You have probably heard about quantum information science – in other words, information science that depends on quantum effects. The ability to manipulate quantum information enables us to carry out tasks that in the classical contexts would not be possible. This time the Quantum Tunnel Podcast had the opportunity to talk to Dr Shashank Virmani, who is a lecturer in the University of Strathclyde in Scotland. Dr Virmani is an expert in quantum information theory and talks to us about correlated error affecting quantum information processing and spilling coffee over a book. Ah! He also explains to us some of the intricacies of the P versus NP problem.
We are all familiar with that famous scene in Star Wars – Episode IV A New Hope where Princess Leia records a 3D hologram appealing for Obi-wan Kenobi‘s help. R2 is then able to reproduce the holographic message and even Darth Vader himself gets to see it. You might think that it’s all science fiction, but it could be very soon that you might be able to transmit this kind of messages, independently of your alliances with the Empire.
Scientists from the University of Arizona published in the journal Nature a report for the transmission of moving 3D images. The creation of holograms is nothing new, but the generation of video has proved to be more challenging.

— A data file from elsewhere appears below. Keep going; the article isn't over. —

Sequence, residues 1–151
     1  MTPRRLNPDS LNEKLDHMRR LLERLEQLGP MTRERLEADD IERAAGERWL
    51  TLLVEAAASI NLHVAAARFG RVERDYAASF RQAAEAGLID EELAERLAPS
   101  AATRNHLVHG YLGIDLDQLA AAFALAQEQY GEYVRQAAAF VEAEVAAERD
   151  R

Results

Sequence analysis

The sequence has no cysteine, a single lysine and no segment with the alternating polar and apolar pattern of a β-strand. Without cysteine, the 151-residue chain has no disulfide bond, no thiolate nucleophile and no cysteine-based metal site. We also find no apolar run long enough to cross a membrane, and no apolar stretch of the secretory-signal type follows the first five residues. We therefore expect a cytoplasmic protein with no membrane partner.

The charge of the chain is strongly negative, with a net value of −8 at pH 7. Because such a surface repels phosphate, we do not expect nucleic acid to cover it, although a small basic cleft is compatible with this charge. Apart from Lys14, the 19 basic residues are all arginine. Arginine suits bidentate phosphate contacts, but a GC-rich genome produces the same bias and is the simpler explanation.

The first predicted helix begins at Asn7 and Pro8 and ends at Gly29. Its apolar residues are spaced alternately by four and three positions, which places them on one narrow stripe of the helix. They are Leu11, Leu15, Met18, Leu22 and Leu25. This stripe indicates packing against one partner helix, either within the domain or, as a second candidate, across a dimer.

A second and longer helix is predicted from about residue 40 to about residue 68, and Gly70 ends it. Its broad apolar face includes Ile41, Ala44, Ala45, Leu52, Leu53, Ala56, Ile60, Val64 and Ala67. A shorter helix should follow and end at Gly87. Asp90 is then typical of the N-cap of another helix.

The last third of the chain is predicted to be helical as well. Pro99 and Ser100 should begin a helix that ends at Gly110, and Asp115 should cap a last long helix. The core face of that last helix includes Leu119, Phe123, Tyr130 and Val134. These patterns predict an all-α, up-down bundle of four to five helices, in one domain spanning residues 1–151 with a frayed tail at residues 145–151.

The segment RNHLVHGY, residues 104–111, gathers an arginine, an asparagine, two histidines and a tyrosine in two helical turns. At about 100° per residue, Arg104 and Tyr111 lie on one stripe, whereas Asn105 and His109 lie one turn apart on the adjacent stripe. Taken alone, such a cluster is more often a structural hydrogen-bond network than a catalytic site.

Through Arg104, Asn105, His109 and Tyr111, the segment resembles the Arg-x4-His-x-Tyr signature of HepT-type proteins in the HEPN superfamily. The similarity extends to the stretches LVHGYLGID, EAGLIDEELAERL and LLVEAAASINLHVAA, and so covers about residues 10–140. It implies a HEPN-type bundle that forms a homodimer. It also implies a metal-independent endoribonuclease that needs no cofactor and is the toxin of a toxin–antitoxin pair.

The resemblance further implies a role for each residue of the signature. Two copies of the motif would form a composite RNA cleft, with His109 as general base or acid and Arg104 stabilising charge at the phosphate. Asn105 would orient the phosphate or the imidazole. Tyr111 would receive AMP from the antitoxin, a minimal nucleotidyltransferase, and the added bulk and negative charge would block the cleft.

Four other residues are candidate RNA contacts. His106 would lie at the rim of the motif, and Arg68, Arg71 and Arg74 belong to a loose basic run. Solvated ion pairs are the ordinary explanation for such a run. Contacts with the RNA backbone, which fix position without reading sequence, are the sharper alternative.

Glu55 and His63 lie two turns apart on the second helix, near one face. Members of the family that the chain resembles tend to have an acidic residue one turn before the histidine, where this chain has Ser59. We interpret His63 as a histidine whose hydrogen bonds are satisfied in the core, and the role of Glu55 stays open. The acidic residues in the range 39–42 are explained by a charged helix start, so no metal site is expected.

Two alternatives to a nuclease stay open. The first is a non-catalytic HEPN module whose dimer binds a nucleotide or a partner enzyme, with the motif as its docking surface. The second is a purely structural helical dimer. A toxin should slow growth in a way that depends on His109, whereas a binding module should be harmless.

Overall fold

This new device is able to refresh a holographic image every few seconds and the scientist demonstrated the use of colour and parallax, that is, people looking at the image from different angles see different views.
Evolution of language linked to dexterity
One of the signatures of the dawn of civilisation is the ability of early humans to make tools. The development of ever more sophisticated tools is seen as a key moment in human evolution.
According to Aldo Faisal and colleagues the dexterity to make these sophisticated tools is not more intricate than that required to make simpler ones. This points out that early humans were limited by brain power rather than manual dexterity.
In the study published in the journal PLoS ONE, the scientists argue that their study reinforces the idea that toolmaking and languages evolved together as both required more complex thought.
Re-defining the Kilo
What is a kilogram? Well, you might say that it is a thousand grams, but that might not be too helpful. You might instead point to the mass of a 122-year-old cylinder of platinum and iridium, kept at the International Bureau of Weights and Measures (BIPM) in Paris.
Nonetheless, this might not be the ideal answer either as it seems that the cylinder is changing as it ages, prompting several groups of scientists to seek a replacement. They hope to define the kilogram by referring to a physical constant rather than an antique object.
The latest result from a team led by Peter Becker of the Federal Institute of Physical and Technical Affairs (PTB) in Braunschweig, Germany, published on the arXiv comes closer than ever to ending the cylinder’s reign. The team has measured the number of atoms in a sphere of silicon-28 to calculate Avogadro’s constant to nine significant figures. The constant refers to the number of atoms in a sample whose bulk mass in grams equals the relative atomic mass of the element. This general relationship makes Avogadro’s constant a fixed point from which to define mass.